Researchers Develop Non-animal, Dendritic-based Sensitizer Test

Apr 12, 2013 | Contact Author | By: Katie Anderson
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Title: Researchers Develop Non-animal, Dendritic-based Sensitizer Test
  • Article

Researchers from the University of Aveiro, the University of Coimbra and the University Hospital of Coimbra have developed a dendritic cell-based test for skin sensitizers that can serve as an alternative to animal testing.

The study developed an in vitro predictive test based on the analysis and integration of gene expression and intracellular signaling profiles of chemical-exposed, skin-derived dendritic cells. The findings were published in the American Chemical Society's journal Chemical Research in Toxicology.

Cells were treated with four known sensitizers and two non-sensitizers, and the effects on the expression of 20 candidate genes and the activation of MAPK, PI3K/Akt and NF-κB signaling pathways were analyzed by real-time reverse transcription polymerase chain reaction and Western blotting, respectively. Genes Trxr1, Hmox1, Nqo1, and Cxcl10 and the p38 MAPK and JNK signaling pathways were identified as good predictor variables and used to construct a dichotomous classifier. For validation of the model, 12 new chemicals were then analyzed in a blind assay, and from these, 11 were correctly classified.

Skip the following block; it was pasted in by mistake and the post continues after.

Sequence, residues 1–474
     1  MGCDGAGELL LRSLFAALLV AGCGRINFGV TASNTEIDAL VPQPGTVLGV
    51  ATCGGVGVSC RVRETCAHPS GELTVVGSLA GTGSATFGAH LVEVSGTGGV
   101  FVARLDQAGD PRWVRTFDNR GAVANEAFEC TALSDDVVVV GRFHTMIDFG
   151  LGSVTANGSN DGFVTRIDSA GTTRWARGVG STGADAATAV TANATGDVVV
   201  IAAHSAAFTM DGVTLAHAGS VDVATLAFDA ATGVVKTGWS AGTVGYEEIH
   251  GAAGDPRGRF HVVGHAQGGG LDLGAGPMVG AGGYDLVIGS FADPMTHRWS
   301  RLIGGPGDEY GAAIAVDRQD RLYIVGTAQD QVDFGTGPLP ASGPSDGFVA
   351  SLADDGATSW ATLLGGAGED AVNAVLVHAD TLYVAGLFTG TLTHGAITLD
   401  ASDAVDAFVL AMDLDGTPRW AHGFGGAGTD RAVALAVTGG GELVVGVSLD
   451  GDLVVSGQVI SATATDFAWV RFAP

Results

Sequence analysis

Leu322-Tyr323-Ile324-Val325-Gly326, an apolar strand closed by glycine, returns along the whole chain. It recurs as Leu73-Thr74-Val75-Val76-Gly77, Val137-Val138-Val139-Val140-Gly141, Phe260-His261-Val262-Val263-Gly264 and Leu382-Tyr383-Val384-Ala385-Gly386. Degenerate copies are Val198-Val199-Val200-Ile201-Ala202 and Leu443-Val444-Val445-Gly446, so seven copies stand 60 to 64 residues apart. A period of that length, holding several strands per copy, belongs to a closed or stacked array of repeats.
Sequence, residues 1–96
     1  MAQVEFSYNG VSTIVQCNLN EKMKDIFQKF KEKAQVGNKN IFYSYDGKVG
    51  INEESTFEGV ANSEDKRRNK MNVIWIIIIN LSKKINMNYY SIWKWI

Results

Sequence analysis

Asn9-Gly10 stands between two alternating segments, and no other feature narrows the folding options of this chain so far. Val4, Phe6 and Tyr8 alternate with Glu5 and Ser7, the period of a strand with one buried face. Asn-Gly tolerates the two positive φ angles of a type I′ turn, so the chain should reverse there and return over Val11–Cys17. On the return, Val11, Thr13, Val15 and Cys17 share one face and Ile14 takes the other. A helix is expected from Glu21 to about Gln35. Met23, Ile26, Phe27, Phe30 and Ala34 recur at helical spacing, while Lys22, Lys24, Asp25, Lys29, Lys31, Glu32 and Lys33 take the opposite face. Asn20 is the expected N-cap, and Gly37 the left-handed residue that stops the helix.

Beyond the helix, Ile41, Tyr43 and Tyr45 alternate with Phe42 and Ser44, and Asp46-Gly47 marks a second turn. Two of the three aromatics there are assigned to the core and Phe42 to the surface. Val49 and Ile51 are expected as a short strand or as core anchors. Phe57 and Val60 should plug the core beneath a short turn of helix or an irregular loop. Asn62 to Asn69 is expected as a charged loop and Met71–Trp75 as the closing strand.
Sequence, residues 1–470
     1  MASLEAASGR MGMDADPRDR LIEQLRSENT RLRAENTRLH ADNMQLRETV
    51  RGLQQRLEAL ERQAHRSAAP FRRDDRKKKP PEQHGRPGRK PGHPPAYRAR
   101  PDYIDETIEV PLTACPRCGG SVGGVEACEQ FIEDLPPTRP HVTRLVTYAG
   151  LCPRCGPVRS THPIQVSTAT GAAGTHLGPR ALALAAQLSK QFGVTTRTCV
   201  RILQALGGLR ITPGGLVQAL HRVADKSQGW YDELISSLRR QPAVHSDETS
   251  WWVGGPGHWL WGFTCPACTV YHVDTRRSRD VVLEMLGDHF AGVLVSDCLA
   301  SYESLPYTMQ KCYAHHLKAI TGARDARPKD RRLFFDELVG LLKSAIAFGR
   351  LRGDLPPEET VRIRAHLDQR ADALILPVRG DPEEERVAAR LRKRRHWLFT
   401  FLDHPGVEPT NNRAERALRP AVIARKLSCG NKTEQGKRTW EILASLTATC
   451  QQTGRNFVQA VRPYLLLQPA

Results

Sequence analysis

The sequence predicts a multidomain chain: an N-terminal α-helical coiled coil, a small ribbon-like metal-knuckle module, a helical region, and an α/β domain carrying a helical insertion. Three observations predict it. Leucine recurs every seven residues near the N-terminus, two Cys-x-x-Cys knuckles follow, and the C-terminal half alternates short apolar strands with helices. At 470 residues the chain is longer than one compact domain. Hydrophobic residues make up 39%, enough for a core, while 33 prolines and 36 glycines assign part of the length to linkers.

Considering the total of 18 compounds tested here, 17 were correctly classified, representing a concordance of 94%, with a sensitivity of 92% (12 of 13 sensitizers identified) and a specificity of 100% (5 of 5 non-sensitizers identified).

Additionally, the researchers tested the ability of their model to discriminate sensitizers from non-allergenic but immunogenic compounds such as lipopolysaccharide (LPS). LPS was correctly classified as a non-sensitizer.

Overall, their results indicate that the analysis of proposed gene and signaling pathway signatures in a mouse fetal skin-derived dendritic cell line represents a valuable model to be integrated in a future in vitro test platform. As cosmetic products are often tested for sensitization, this testing method could have great implication in the personal care market.

The authors acknowledge funding from Fundação para a Ciência e a Tecnologia (FCT), Fundo Comunitário Europeu (FEDER) and Programa Operacional Factores de Competitividade (COMPETE).